Well, here's the weird thing: by all rights, I should have lost power completely and vanished from the stage as my computer and audio systems went down. My neighbors lost power. Kat's computer crashed so hard that it reinitialized her preference settings in SL when she got back in! But -- and I have no way of explaining how or why it happened this way -- all of my stuff stayed up and running. My computer, my mixer, my monitor, my audio interface... it was like the power outage never happened for me, and I kept on playing music with zero interruption. I told Meegan about this after my set ended, and she replied that Rachael was there holding the wires together. I can't offer any better explanation than that one.
Snot, Sweat, and Tears
I did more than my share of crying during the days following Thea's death, but I promised myself that at least while I was actually onstage and performing, I'd focus on the positive and leave the tears behind while honoring her life during this opportunity to do so.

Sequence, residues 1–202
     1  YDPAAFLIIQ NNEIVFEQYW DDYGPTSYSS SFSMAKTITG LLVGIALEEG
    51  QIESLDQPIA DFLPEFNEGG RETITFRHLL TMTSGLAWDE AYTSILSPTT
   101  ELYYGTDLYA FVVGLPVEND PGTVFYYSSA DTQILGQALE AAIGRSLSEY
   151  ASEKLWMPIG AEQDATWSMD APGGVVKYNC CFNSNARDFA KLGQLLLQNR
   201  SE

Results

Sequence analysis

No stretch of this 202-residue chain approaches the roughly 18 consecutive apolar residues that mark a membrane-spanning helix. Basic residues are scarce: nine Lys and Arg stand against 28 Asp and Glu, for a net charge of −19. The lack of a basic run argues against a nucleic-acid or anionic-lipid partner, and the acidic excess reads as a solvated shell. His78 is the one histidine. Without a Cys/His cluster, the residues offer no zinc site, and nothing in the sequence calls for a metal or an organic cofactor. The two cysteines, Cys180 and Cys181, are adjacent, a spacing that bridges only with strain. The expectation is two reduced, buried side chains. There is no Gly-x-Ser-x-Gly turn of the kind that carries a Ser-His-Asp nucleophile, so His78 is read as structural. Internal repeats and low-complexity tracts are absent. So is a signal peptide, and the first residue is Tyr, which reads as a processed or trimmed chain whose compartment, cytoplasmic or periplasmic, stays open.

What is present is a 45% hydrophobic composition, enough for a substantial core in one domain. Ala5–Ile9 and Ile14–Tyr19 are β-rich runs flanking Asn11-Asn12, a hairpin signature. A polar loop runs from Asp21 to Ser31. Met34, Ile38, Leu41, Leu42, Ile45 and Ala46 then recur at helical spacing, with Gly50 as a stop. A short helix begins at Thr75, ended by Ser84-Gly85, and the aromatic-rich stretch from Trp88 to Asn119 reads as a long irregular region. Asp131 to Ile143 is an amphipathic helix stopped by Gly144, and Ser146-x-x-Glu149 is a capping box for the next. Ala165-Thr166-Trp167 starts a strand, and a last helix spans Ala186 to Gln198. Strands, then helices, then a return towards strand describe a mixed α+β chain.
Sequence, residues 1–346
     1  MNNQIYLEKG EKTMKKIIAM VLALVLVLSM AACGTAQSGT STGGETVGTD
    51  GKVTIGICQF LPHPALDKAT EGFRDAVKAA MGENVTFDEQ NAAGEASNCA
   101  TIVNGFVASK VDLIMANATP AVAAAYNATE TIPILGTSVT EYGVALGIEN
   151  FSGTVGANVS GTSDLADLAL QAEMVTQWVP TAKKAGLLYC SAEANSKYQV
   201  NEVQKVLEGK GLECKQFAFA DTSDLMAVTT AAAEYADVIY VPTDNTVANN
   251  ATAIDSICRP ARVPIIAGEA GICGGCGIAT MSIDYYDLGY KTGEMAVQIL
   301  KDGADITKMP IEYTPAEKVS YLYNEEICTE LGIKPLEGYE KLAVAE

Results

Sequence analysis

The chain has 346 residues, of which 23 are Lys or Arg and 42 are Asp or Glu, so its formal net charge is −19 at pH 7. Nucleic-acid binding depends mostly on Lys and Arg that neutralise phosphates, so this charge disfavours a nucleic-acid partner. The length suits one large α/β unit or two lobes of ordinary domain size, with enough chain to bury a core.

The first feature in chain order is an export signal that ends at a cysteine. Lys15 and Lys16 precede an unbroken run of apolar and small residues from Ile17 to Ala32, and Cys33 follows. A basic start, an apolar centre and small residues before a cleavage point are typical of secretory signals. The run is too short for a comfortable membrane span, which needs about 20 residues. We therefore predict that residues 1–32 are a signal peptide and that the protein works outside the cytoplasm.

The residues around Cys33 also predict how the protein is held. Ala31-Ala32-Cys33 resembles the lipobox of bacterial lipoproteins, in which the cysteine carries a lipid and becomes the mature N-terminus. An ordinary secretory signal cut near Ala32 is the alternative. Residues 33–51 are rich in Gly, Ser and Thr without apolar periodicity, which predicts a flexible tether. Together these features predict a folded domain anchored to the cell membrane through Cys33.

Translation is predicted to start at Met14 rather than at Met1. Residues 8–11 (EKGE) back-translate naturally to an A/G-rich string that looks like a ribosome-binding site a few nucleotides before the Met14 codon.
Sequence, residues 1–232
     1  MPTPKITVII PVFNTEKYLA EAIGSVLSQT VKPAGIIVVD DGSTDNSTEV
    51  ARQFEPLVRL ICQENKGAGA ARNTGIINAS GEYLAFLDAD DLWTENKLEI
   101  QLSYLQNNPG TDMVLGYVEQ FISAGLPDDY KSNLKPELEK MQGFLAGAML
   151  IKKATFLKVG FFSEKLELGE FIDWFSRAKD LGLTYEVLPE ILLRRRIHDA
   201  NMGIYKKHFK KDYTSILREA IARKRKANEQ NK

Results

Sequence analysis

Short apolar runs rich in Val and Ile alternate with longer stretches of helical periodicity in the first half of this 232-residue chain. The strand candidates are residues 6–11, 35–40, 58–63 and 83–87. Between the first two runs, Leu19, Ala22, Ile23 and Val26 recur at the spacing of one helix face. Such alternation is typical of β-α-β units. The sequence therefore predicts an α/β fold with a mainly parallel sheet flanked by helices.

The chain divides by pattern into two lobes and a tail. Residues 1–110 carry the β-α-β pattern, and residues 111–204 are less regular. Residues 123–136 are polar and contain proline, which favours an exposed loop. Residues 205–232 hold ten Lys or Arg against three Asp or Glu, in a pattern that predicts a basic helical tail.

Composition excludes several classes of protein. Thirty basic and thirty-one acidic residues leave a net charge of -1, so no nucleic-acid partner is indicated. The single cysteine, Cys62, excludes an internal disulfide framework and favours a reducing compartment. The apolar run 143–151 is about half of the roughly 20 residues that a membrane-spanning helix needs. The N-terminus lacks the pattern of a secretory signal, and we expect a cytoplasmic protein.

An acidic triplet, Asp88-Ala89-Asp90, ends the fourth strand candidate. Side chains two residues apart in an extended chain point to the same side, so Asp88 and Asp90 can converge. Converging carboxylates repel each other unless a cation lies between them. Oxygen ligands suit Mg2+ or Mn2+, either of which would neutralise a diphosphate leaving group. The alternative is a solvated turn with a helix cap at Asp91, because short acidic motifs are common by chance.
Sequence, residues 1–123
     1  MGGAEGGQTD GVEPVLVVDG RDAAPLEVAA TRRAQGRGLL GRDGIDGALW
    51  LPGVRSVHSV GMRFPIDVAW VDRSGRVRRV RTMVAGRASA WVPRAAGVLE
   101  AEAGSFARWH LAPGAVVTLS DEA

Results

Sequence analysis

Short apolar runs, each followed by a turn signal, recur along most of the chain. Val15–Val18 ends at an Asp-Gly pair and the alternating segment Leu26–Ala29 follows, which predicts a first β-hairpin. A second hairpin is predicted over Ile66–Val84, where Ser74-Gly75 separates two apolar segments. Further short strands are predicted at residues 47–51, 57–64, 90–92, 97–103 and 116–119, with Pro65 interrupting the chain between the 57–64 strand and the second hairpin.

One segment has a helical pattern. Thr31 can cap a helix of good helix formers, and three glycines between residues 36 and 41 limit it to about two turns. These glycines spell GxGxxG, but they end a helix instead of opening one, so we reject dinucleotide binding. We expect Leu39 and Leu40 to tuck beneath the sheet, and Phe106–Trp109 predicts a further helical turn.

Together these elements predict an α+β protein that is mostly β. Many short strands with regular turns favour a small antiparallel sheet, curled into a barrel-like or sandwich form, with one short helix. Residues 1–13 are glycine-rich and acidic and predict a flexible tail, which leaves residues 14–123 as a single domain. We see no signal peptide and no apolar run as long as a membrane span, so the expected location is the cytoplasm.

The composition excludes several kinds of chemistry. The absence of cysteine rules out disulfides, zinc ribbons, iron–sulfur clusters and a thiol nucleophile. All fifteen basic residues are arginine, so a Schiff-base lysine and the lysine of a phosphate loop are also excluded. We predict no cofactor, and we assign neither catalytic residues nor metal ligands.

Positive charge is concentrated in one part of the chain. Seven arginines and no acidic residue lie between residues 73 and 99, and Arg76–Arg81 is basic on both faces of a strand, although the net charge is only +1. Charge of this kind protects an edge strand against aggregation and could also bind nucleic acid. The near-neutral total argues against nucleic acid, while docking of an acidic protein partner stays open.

Well, that didn't work. There was one particular moment where I started to mention how smart Thea was and how committed she was to wanting to help others, along with my ideas as to what she might have been able to do under other circumstances in her life. I don't even think I got these words out completely, but while I was talking to the crowd, I had this vision of Thea as a Congressional representative from Utah, standing next to Alexandria Ocasio-Cortez and Ilhan Omar, and... well, that was it. I do recall looking down at my guitar during the subsequent song and realizing it was literally coated with snot, sweat, and tears (no blood, thankfully). I will say that I made it through every song, and while my vocal performance of singing while simultaneously weeping probably wasn't among my best, I think the crowd all fully understood how difficult it was for me to be onstage and handling these emotions while trying to do justice to the music Thea loved.